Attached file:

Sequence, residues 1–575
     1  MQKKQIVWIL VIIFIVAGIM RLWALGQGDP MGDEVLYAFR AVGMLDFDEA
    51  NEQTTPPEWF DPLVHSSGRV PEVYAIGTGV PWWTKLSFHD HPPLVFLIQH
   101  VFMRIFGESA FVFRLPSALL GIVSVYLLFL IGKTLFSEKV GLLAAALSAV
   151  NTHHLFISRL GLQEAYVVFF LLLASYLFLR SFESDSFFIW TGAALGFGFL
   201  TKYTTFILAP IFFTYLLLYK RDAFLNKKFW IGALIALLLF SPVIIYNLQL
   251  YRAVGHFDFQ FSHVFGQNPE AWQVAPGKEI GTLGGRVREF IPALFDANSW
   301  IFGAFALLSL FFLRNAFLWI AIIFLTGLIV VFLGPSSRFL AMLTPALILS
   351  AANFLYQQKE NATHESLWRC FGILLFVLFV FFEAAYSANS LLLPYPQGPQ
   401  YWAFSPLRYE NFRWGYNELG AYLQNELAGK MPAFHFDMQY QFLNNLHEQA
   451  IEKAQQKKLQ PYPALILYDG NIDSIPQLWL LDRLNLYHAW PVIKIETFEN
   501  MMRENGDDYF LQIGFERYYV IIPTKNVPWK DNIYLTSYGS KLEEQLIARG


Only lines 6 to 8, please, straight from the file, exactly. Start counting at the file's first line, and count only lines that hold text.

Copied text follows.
   201  TKYTTFILAP IFFTYLLLYK RDAFLNKKFW IGALIALLLF SPVIIYNLQL
   251  YRAVGHFDFQ FSHVFGQNPE AWQVAPGKEI GTLGGRVREF IPALFDANSW
   301  IFGAFALLSL FFLRNAFLWI AIIFLTGLIV VFLGPSSRFL AMLTPALILS